The partners of the firm were J. E. Hayne and A. E. Bright - that is those who were resident in Melbourne.  C. D. Finch, J. D. Medley and Maurice Gibbs shared a room together, handled semi-confidential business, and signed bills of lading, cheques etc.  Old Charlie Brown was accountant, Ashley Cummins was cashier, Tom Allan managed the pastoral department, Curtain the insurance, John Way the mining, Bagnall the merchandise, Vesey the Lysaght agency.  Tommy Thompson was in charge of the postal desk and had two juniors with him to run messages.  The maximum number of letters had to be delivered by hand - to save postage!  John Hamilton was the Customs clerk.  Bill Lyon was cable clerk.  Mrs. Murray and Miss Ball were typists.  Ingah Lord was the telephonist.  Before I embark on summaries of these characters, I must record that the telephone was attached to the wall of a box and a handle was turned to ring it.  It could be switched through to Mr. Graham's room.  All outward letters were press copied into books.  They were switched behind a tissue page, a damp cloth was placed on top of the page and the book closed and put in the press.  The handle of the press was turned until the book was squeezed between the iron top and bottom sections and thus the imprint of the letter was made on the tissue page.

The whole office could have been a model for the office of Cheeryble Brothers in Dickens' “Nicholas Nickleby” expect that it lacked the benevolent and kindly atmosphere.

Of the foregoing only Anderson, Dent, Kennedy and Lyon survive.  Norris is also alive but strictly speaking he was of the office but not in it.

James Albert Graham became the outstanding personality of Gibbs Bright & Co.  In 1915 he would have been about thirty-eight years old and had but recently returned to Melbourne after a spell of some six years as Adelaide shipping manager.  He was a member of a Victorian pioneer family and was the eldest son of the eldest son of the man who established the branch of the Graham clan in Victoria.  His grandfather landed in Sydney from Scotland and traveled overland by horseback to Melbourne when the Port Phillip District was part of New South Wales.  He bought a block of land on the corner of Russell and Bourke Streets and opened a general store.  The old man prospered and had several “firsts” to his credit, among them membership of the first Legislative Council of Victoria, a foundation member of the Melbourne Club, a member of the first council of the Melbourne Grammar School.  J. A.'s father was in the first group of boys to enroll when the school opened.  Graham the Patriarch had a large family and J. A.'s father had about four or five sons and two daughters.  By the time I came into the firm the Graham estate was considerable and J. A.'s father managed it from an office in Collins House.  He was a delightful little old man who called into the office very frequently and I should think the visits were necessary because the real estate interests included the King's Theatre and buildings in Russell and Bourke Streets.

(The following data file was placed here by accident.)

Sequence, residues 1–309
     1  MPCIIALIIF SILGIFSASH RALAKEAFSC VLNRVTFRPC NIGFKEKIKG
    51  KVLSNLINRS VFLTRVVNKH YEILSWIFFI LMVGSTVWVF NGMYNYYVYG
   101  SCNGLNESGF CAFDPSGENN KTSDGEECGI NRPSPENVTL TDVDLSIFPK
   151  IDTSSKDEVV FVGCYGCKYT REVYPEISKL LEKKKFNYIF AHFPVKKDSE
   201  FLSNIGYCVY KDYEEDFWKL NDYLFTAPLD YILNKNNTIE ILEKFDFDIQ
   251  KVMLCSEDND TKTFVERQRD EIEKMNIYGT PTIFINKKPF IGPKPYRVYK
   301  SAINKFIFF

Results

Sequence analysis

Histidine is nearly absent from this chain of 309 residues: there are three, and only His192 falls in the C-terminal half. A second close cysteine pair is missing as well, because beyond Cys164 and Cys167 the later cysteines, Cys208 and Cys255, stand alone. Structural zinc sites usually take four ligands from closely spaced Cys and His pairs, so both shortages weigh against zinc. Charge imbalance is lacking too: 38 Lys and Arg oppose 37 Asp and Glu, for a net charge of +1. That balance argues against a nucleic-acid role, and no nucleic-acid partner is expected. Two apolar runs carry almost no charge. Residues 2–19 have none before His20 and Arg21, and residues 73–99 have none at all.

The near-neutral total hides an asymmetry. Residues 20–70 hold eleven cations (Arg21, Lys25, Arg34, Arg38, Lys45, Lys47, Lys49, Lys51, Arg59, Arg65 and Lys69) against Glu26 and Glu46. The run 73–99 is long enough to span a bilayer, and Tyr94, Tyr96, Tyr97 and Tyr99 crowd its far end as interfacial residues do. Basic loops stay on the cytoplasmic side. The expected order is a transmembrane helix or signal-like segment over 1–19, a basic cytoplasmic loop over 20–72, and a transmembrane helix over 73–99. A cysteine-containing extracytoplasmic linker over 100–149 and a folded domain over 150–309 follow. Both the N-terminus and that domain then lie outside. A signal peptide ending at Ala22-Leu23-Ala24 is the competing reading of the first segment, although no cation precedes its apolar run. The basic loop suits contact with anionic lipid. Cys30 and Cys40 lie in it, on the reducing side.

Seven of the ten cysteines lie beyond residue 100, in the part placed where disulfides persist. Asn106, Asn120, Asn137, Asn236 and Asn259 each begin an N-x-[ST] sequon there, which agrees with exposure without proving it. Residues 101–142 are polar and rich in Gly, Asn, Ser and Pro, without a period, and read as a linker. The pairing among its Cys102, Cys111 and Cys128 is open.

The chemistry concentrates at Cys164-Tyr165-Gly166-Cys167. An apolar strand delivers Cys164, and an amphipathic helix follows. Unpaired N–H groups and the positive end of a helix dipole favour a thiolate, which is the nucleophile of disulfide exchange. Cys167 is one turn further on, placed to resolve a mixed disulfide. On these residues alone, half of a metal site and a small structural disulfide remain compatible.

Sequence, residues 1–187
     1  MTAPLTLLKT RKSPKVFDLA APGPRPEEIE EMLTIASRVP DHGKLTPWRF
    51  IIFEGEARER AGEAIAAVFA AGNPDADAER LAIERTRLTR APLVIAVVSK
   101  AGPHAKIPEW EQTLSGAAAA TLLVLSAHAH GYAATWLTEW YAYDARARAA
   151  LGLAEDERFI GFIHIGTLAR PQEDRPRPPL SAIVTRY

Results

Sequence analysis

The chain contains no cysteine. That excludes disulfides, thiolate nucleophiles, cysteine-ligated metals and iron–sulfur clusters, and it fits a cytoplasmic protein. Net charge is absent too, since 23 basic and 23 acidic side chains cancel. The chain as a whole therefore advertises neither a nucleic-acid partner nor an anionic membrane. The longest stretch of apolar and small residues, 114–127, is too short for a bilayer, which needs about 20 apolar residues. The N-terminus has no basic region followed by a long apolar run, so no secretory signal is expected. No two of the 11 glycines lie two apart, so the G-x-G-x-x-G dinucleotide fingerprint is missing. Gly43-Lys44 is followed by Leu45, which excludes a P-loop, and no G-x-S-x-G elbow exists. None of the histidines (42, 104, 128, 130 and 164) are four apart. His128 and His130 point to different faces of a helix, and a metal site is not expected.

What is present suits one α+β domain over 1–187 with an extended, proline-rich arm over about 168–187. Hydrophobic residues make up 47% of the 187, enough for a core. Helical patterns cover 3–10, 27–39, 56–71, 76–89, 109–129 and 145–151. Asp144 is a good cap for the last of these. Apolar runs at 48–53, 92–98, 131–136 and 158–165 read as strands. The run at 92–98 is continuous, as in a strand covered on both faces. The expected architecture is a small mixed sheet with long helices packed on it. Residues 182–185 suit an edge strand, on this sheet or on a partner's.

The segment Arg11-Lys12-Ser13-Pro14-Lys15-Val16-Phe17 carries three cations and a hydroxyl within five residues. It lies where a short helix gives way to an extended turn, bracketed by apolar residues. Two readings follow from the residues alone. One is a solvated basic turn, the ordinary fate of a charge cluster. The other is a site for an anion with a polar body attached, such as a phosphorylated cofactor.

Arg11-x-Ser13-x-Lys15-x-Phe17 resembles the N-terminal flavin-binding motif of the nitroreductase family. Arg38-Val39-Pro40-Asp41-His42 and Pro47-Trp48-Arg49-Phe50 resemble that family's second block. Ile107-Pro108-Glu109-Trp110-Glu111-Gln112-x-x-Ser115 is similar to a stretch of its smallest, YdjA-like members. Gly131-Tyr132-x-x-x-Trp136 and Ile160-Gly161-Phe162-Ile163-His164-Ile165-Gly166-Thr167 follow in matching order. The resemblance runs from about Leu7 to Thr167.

J. A. had married a Miss Catherine Ogilvie whose father had founded the Victorian Stevedoring Company.  They lived in a house in Irving Road Toorak and had four sons - Francis, Peter and twins Dick and Bob.  He was a tall, well built man who wore a bow tie long after they went out of fashion and also had a moustache so close-clipped that no one noticed its absence when he shaved it off.  He had been a very creditable cricketer and tennis player and he was just taking up golf.  Taking up anything meant mastering it and wrestling with it to the end, be it a business problem, rose growing, cultivation of his garden, auction bridge or golf.  Horse racing held his interest up till the outbreak of the Second World War but golf was his ruling passion.  His style was anything but spectacular - his was a cricketer's stance more than a golfer's - but he played a steady straight game and on and near the green he was deadly.  He was still playing at eighty and to the end he was a brazen “pot hunter”.  He was quite blatant in choosing the best partner, did not hesitate to abuse that partner if they lost, was thoroughly snarly if he lost a ball (but this was a rarity) and would drive through anyone on the course.  Is it any wonder that only people who were compelled to do so would play with him?  All this reads as a description of a thoroughly objectionable individual.  It must be admitted that he didn't show a very attractive front in his younger day.  In fact he bulldozed his way through life but behind a snobbish and overbearing façade I discovered through the years that he had a sympathetic heart.